OpenJurist

828 F2d 1401 United States v. T Nordbrock T Nordbrock

828 F.2d 1401

60 A.F.T.R.2d 87-5677, 87-2 USTC P 9538

UNITED STATES of America, Plaintiff-Appellee,
v.
Neil T. NORDBROCK, Defendant-Appellant.
Neil T. NORDBROCK, Plaintiff-Appellant,
v.
UNITED STATES of America, Defendant-Appellee.

Nos. 85-2939, 86-2053.

United States Court of Appeals,
Ninth Circuit.

Argued and Submitted August 7, 1987.
Decided Sept. 28, 1987.

Donald W. MacPherson and Lawrence C. Bazrod, Phoenix, Ariz., for defendant-appellant.

William A. Whitledge and Elaine Ferris, Washington, D.C., for plaintiff-appellee.

Appeal from the United States District Court for the District of Arizona.

Before WALLACE, HALL and LEAVY, Circuit Judges.

CYNTHIA HOLCOMB HALL, Circuit Judge:

1

This is a consolidated appeal. In No. 85-2939, Neil T. Nordbrock (Nordbrock), an income tax preparer, appeals from Judge Browning's order granting summary judgment in favor of the government in its lawsuit seeking injunctive relief against Nordbrock. In No. 86-2053, Nordbrock appeals from Judge Broomfield's order granting summary judgment in favor of the government in Nordbrock's action seeking a refund of penalties paid to the government. We reverse and remand both actions.

2

* On February 2, 1982, a delegate of the Secretary of the Treasury contacted Nordbrock to request that he make available for inspection copies of income tax returns prepared by him for the return periods commencing on July 1, 1978 and ending on June 30, 1981. Alternatively, the delegate requested that Nordbrock make available for inspection a list of the names and taxpayer identification numbers of taxpayers for whom such returns were prepared. The government made its request pursuant to 26 U.S.C. Sec. 6107(b).1 After consulting with an attorney, Nordbrock refused to comply with the request, raising various statutory and constitutional objections. The government assessed penalties of $75,000 against Nordbrock for failure to provide the information. See 26 U.S.C. Sec. 6695(d).2

3

On August 17, 1983, the government filed an action in federal district court seeking an injunction compelling Nordbrock to produce the requested information. See 26 U.S.C. 7407.3 The government later moved for summary judgment. On July 19, 1985, Judge Browning granted the motion; he subsequently denied Nordbrock's motion for reconsideration. Nordbrock timely appeals.

4

Nordbrock paid a portion of the $75,000 penalty assessment. Upon the denial of his claim for refund, Nordbrock filed a separate action in federal district court seeking a refund of the payment made and an abatement of the remainder of the assessment. See 28 U.S.C. Secs. 1340, 1346(a)(1). The parties later filed cross-motions for summary judgment. On March 31, 1986, Judge Broomfield granted summary judgment in favor of the government; he found that Judge Browning's finding in the injunction action that Nordbrock had acted willfully was res judicata in the refund action. Nordbrock timely appeals.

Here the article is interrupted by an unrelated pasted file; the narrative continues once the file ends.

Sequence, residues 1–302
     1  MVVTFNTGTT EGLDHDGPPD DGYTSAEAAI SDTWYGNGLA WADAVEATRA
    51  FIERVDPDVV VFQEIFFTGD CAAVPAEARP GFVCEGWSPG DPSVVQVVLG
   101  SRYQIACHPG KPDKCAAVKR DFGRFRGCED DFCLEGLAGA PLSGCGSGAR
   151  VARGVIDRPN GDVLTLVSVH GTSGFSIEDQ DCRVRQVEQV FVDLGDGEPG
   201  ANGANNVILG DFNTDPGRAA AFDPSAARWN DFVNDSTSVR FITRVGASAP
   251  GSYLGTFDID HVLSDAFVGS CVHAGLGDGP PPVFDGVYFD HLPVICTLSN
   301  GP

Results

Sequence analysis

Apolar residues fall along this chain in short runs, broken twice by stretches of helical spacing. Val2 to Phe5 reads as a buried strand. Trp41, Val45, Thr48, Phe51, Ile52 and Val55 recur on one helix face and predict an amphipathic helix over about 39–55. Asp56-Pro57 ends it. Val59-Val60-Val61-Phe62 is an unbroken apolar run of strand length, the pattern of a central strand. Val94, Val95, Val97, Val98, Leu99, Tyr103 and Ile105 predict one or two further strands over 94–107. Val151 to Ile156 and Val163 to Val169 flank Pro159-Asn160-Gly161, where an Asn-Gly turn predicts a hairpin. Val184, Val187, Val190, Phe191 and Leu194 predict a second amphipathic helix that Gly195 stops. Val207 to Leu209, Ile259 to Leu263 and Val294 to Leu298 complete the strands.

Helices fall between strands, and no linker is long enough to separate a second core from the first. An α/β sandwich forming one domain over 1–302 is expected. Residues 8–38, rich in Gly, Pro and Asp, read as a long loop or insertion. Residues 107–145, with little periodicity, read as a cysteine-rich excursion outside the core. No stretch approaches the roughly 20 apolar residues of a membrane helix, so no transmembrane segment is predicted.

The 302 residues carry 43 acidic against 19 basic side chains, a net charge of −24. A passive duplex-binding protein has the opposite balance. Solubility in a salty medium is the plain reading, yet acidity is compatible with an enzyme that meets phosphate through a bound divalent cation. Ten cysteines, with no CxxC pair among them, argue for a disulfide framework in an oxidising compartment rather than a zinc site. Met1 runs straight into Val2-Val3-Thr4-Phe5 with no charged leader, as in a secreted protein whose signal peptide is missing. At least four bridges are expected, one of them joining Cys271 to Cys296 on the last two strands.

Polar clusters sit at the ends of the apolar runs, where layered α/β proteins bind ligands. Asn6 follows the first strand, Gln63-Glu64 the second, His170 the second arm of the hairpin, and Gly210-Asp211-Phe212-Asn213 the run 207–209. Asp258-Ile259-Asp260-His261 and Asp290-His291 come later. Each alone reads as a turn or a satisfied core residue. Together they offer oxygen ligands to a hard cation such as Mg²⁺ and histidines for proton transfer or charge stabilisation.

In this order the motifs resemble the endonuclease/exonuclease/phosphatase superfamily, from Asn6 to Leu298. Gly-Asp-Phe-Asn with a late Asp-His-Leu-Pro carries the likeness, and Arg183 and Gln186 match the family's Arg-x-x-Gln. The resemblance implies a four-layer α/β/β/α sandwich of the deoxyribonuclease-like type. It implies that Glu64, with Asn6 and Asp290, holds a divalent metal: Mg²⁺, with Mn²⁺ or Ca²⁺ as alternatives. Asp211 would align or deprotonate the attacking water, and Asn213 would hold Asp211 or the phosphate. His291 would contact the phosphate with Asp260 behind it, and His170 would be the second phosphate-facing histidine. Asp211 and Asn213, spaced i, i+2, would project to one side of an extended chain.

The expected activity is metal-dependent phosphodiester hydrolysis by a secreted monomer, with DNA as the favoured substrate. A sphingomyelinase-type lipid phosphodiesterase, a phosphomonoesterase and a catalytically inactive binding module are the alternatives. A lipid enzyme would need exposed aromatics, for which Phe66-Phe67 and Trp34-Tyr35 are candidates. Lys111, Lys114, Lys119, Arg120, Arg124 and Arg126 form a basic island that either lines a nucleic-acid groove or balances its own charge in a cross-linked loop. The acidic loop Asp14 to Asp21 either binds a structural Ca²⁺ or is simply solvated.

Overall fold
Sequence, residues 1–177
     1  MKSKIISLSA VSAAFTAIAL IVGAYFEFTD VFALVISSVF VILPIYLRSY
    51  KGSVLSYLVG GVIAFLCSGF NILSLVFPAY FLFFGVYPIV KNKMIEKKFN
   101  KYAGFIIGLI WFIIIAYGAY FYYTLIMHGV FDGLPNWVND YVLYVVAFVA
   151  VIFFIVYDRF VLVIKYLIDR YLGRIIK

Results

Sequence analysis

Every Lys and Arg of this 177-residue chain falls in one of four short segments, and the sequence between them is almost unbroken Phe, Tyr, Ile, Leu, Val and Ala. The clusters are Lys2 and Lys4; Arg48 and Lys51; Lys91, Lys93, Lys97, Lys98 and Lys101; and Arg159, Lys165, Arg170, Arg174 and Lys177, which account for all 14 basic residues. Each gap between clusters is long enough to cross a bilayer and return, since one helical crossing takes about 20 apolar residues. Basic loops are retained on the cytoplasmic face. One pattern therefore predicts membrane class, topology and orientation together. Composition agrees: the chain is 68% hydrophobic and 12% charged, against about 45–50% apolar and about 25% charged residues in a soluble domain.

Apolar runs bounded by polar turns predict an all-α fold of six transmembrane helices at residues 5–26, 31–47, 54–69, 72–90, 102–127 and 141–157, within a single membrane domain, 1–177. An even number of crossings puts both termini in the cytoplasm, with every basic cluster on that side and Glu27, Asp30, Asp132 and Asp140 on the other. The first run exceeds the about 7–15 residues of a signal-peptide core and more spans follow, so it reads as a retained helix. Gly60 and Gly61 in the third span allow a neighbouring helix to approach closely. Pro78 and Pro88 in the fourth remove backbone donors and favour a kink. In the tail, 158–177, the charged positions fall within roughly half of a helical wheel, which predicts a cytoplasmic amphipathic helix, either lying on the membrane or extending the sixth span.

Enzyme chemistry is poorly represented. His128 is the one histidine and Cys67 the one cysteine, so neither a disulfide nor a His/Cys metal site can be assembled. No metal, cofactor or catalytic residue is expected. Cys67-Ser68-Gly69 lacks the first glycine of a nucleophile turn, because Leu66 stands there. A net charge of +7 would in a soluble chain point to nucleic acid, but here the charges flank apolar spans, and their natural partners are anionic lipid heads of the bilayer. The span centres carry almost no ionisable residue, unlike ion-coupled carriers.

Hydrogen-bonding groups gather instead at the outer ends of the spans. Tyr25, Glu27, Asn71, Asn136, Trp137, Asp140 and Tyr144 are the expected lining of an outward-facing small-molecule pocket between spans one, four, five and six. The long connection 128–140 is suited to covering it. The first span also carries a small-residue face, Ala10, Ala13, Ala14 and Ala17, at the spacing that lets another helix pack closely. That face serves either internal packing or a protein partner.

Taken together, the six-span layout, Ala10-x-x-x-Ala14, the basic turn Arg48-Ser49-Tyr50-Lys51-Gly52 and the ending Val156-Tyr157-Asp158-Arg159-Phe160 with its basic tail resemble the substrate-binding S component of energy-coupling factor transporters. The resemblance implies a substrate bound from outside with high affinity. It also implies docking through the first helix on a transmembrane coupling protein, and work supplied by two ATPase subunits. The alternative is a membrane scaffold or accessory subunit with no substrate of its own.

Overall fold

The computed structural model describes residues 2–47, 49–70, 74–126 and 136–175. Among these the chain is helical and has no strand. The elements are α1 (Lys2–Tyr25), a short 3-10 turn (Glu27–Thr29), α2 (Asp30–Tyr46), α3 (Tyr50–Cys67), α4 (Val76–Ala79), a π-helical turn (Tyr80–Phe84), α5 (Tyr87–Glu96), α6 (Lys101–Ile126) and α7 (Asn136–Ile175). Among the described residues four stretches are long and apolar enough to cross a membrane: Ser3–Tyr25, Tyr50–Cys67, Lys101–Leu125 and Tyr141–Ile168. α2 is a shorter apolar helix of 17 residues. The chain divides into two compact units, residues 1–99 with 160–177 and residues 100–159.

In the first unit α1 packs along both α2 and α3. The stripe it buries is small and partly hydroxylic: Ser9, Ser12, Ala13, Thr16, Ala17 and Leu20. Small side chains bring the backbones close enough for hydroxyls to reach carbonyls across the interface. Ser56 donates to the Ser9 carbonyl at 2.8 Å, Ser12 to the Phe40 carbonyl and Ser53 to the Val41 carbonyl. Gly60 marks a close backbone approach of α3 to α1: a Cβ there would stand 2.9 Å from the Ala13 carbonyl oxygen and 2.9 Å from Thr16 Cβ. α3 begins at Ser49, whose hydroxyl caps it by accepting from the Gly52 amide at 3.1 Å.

II

5

The parties raise two issues of statutory construction. Issues of statutory construction present questions of law which we review de novo. Trustees of Amalgamated Insurance Fund v. Geltman Industries, Inc., 784 F.2d 926, 929 (9th Cir.), cert. denied, --- U.S. ----, 107 S.Ct. 90, 93 L.Ed.2d 42 (1986).

6

First, the parties dispute whether an injunction is available under section 7407(b) to compel the production of information. Nordbrock contends that an injunction is not available where the information sought by the government is available through the summons procedures of 26 U.S.C. Secs. 7602, 7609. We disagree. By its own terms, section 7407(b) provides the government with a remedy "separate and apart" from the summons procedures.

7

Second, the parties dispute whether willfulness is an essential element in a section 7407(b) injunction action. We agree with the government that willfulness is an essential element. The plain language of the statute supports our conclusion. Section 7407(b) provides that a court may enjoin, inter alia, conduct which is "subject to penalty" under section 6695(d). See supra note 3. Before conduct can be "subject to penalty" under section 6695(d), however, it must be willful; section 6695(d) does not penalize an income tax return preparer's failure to provide information where the failure "is due to reasonable cause and not due to willful neglect." See supra note 2; cf. United States v. Savoie, 594 F.Supp. 678, 684 (D.La.1984) (court looks to whether conduct was willful in determining whether to enjoin the conduct under section 7407(b)). Therefore, the willfulness requirement of section 6695(b) is an essential element in a section 7407(b) injunction action.

8

Two other circuit courts have reached the same conclusion with respect to a similar injunction provision in the Internal Revenue Code. 26 U.S.C. Sec. 7408 provides that the Secretary of the Treasury can sue for an injunction on the ground that a person "has engaged in any conduct subject to penalty under section 6700." 26 U.S.C. Sec. 6700, in turn, provides for penalties against any person who promotes abusive tax shelters by making statements "which the person knows or has reason to know [are] false or fraudulent as to any material matter." In implementing the "subject to penalty" language of section 7408, both the Fifth and Eighth Circuits have required that the knowledge required by section 6700 be present before enjoining conduct. See United States v. White, 769 F.2d 511, 515 (8th Cir.1985); United States v. Buttorff, 761 F.2d 1056, 1062 (5th Cir.1985). The relationship between sections 7408 and 6700 is similar to the relationship between sections 7407(b) and 6695(d). Thus, a similar conclusion is warranted in this case; willfulness is an essential element of a section 7407(b) injunction action.

III

9